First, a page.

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Transmission Fluid Exchange Good Or Bad Idea?

Manufacturers have always had a suggested service interval for changing fluids and that includes the transmission whether it is an automatic or manual shift. When automatic transmissions were first introduced the suggested service interval was about every three years or 50,000 miles. The transmission service consisted of draining the fluid from the pan and maybe the torque converter and replacing the filter. This was a realistic time frame interval and service method as the vehicles were very open and did not build up much heat.

Around 1980 the US auto manufacturers downsized the cars for fuel economy and mounted the power train transverse into the area previously reserved for the engine only.  As you can image this increased the heat retention in the engine but especially so for the transmission. The demands placed on the transmission fluid have increased exponentially as a result. The unexpected warranty costs from this required a switch to synthetic fluids that can handle the heat better. Even the synthetic fluids and their additive packages fail over time, as evidenced by the number of valve body failures that cease working properly from gum and varnish deposits.

General Motors tried an experiment of sealing the transmission and stating that “it was good for lifetime service”, however that failed miserably. What happened was the fluid and additive package failed to keep gum and varnish off critical components like the valve body and clutch packs. These gum and varnish deposits stick to the valves in the valve body and on the clutch assemblies. The valves move sluggishly or become stuck completely resulting in improper operation or a burned up transmission. Clutch packs slip, hang or grab, which burns them up after some very bad shifting problems. These problems can appear in any transmission some with really low mileage.

Most auto manufacturers realized that a transmission fluid exchange was needed so they engineered a transmission flush machine for their own vehicles and made it an essential piece of equipment for their dealer network (meaning dealers are required to own it).  Most transmission fluid exchange machines use a bladder type system to hold the new fluid (usually about 16 quarts), the old fluid flowing from the pump to the transmission cooler is interrupted and the equipment inserted into the loop. The old fluid supplies the hydraulic force to exchange the old fluid for the new. Sometimes they supplement the pressure with a low pressure pump. The new fluid is returned to the pan, where it flows through the filter first, then into the pump, valve body, etc.

The response to auto manufacturers equipment from the aftermarket equipment manufacturers has been excellent, with tools like the bulky T Tech II and others like Wynns, BG, and Mighty made by White Industries.

Transmission Flush Service

Most auto manufacturers suggest 100,000 miles for transmission service but that is too long. It better to be safe than sorry so it is still a good idea to perform a transmission flush service every 3 years or 50,000 miles. This could save you a tremendous amount of money and headaches in the long run. If a valve body fails from excessive gum and varnish deposits the expected cost can easily reach $1000.00, a transmission requiring replacement can be even more.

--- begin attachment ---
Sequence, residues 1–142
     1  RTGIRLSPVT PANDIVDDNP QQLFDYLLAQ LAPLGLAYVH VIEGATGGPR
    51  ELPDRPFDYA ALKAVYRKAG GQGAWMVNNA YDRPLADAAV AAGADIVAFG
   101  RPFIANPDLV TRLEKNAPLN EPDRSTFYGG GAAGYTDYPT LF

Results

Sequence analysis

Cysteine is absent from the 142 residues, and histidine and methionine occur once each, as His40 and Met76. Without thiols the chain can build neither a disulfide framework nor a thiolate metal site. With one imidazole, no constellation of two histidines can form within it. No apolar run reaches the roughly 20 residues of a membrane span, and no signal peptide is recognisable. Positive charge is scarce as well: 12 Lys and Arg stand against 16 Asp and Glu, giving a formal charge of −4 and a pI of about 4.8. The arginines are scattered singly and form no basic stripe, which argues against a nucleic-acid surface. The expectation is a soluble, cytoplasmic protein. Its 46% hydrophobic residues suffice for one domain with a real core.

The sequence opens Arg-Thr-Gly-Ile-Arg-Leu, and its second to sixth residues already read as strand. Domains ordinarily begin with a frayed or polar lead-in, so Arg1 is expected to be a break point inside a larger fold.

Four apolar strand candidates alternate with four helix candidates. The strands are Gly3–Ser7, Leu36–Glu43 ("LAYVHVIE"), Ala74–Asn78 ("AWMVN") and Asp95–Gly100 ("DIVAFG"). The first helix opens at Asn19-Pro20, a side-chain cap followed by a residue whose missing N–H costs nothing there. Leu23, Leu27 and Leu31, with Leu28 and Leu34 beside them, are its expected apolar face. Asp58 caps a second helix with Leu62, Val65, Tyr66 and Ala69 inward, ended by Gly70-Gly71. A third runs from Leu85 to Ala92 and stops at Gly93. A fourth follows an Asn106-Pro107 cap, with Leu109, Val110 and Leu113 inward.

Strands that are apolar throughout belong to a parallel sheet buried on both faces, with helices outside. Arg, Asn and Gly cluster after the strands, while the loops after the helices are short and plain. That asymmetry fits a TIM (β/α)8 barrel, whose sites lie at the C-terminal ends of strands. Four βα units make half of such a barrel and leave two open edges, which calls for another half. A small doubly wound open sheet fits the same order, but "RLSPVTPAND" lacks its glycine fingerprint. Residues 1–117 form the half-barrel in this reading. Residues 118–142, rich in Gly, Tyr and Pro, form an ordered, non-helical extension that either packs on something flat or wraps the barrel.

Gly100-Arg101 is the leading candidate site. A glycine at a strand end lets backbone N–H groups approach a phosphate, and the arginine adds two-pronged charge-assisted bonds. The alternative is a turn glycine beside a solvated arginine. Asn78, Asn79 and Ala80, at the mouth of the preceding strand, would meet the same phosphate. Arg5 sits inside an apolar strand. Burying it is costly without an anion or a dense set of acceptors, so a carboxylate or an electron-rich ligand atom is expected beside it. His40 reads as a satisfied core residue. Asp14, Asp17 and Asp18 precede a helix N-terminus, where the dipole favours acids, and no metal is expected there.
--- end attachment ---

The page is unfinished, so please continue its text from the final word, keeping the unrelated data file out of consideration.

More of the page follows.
The procedure is pretty much the same from one piece of equipment to another.  A cleaner such as Wynns or Mighty that can remove gum and varnish deposits WITHOUT softening seals or friction disc materials is first added to a previously warmed transmission. The vehicle is then started and the transmission is shifted to all the different gear positions and allowed to run in each position for a time determined by the product manufacturer. Some suggest a short light duty 15 minute or under drive to clean the valve body better.

Then the equipment is inserted into the pressure line from the transmission to the cooler. The vehicle is started and the old fluid along with the transmission flush additive gets completely removed during the fluid exchange IF the mechanic does his job correctly.

This transmission fluid exchange should be interrupted part way through as the old fluid shows clearing. A new filter should be installed, then finish the flush and top up the transmission with new fluid. Follow the flush chemical manufacturers suggestions and add their required additives, but do not overfill the transmission.

As you can tell this is not a job for a DIY mechanic at home. If the shop you go to for this service does not have a transmission fluid exchange machine or only wants to perform a transmission flush without changing the filter, find a different shop.

For the Professional

Do yourself and your shop a favor, use only full synthetic fluids for your transmission fluid service. Most older Asian vehicles have shifting problems after a transmission fluid exchange when other fluid types are used. Suggest to your customer that (s)he also allow you to add in the filter change with the transmission fluid exchange. Check your TSBs for the vehicle you are servicing to see if it requires an additive such as the one Ford specifies to help with the solenoid hanging problem specified in their TSB.

IF your customer’s vehicle is high mileage and has never had a complete transmission flush service or has only had the old transmission service of changing the filter, you might want to advise the customer and your shop management that there could be negative consequences. However I have seen this service restore a transmission to proper operation that had been diagnosed as needing replacement

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